On Thursday night, he might have the freshest cleats on the field when the Redskins face the Dallas Cowboys. The nine-year veteran is one of many Redskins players participating in “My Cause, My Cleats,” a league initiative in Week 13 that allows players to promote and raise awareness for a charity of their choice with custom cleats.
Hood elected to bring awareness to autism, a cause that’s personal to his family. Hood’s oldest son, Josiah, has the condition. Hood’s cleats will be designed with puzzle pieces, the primary symbol for autism, with his 7-year-old son’s name written on the toebox.
“We’re not only dealing with it as a family but as a village for the entire DMV area,” said Hood, who also held an event on Halloween to raise money for kids with autism in the Washington area. “But not only just that but for the entire world. It’s one of the things that don’t get talked about much. You got diabetes. You got breast cancer. You’ve got homeless, underprivileged children. But whatever I can do to help bring attention, cool. I did my job.”
Hood didn’t participate in “My Cause, My Cleats” last year in his first season with the Redskins, the first time the league allowed players to break a strict dress code for a cause, but he feels comfortable now as a defensive leader in his second season.
Quarterback Kirk Cousins participated last season and plans to promote the same charity, International Justice Mission, for the prime-time game at AT&T Stadium on Thursday. The nonprofit aims to protect “the poor from violence in the developing world.” It’s an organization Cousins has promoted often over the past three seasons, and he intends to wear cleats with its slogan, “Until all are free.”
“In America, it is hard to understand a culture of impunity, where literally you call 911 and you say someone is invading my home and is stealing and there is nobody to come and get you, to protect you, to fight for you,” Cousins said. “There are countries and cultures and places where that is the case. And so IJM goes into those places and works with local government authorities and brings justice and brings justice to impunity. That is something that [wife] Julie and I have a heart for and we want to raise awareness for it. . . . What they need is funding. They need people to support them and their work, so we do that passionately and we want to raise awareness and help other people to do the same.”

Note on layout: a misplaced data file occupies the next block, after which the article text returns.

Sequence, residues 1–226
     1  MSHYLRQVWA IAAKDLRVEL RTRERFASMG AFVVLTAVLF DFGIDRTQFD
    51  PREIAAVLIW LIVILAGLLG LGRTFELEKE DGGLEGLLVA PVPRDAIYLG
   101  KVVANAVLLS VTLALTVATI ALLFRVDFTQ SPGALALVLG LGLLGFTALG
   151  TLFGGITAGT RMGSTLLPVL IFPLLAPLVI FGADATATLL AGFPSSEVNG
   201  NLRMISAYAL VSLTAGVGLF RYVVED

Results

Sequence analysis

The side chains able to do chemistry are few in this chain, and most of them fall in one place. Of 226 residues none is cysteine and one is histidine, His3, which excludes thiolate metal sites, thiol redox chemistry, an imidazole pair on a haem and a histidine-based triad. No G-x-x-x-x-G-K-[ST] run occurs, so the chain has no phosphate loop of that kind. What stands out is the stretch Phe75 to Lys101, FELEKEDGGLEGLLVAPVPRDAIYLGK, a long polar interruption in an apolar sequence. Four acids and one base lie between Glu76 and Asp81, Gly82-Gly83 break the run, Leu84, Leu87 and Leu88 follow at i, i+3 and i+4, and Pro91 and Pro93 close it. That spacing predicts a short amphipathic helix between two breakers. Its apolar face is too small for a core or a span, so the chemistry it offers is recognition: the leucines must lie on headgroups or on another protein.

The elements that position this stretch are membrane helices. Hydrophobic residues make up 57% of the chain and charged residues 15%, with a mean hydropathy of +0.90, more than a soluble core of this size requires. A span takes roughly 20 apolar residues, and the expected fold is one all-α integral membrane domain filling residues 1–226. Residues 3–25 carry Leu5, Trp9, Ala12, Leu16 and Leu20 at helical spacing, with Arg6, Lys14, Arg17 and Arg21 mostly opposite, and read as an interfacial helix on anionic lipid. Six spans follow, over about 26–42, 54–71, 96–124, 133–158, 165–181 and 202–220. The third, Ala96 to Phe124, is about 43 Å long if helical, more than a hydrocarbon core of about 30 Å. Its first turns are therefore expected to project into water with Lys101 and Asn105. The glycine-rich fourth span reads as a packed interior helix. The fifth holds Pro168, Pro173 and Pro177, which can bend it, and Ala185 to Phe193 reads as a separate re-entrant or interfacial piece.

Cornerback Josh Norman and inside linebacker Zach Brown will promote helping inner-city children through different causes. Norman will wear cleats that feature his charity, Starz24, which intends to “provide enrichment to children through community events and youth programs.” Brown will support Inner City Visions.
“A lot of people don’t support the inner-city kids,” Brown said. “So this year, I’m going to give back for Christmas and take some kids shopping because a lot of them don’t have nothing. I came from where I didn’t have nothing, where you’ve got two pairs of shoes — school shoes and play shoes. You had to make do. So, for me, to give back makes me feel better.”
Outside linebacker Ryan Kerrigan will promote his organization, the Blitz for the Better Foundation, which works with schools in the greater Washington area to raise awareness and help children suffering from chronic illnesses. Long snapper Ryan Sundberg will team with the Redskins Charitable Foundation for the “Loads of Love” initiative to help provide washers and dryers to local schools.
“We found out one of the major reasons kids weren’t going to school is because they didn’t have clean clothes,” Sundberg said. “So we decided to put some washers and dryers in elementary schools around here and try to get kids to go to school.”
Safety Deshazor Everett will wear white cleats with a pink ribbon to symbolize breast cancer in honor of his grandmother, who died of the disease. Everett has a ribbon tattooed on his arm in honor of her.
“It showed me not to quit,” Everett said. “It got me through my first year of college [at Texas A&M], because I almost quit football, honestly. Doing conditioning is different than it is in high school, and I was like, ‘Man, I don’t know if I’m built for this.’ I looked at her name on my arm, and I was like, ‘If she can fight, I can fight.’ It’s really what got me through.”
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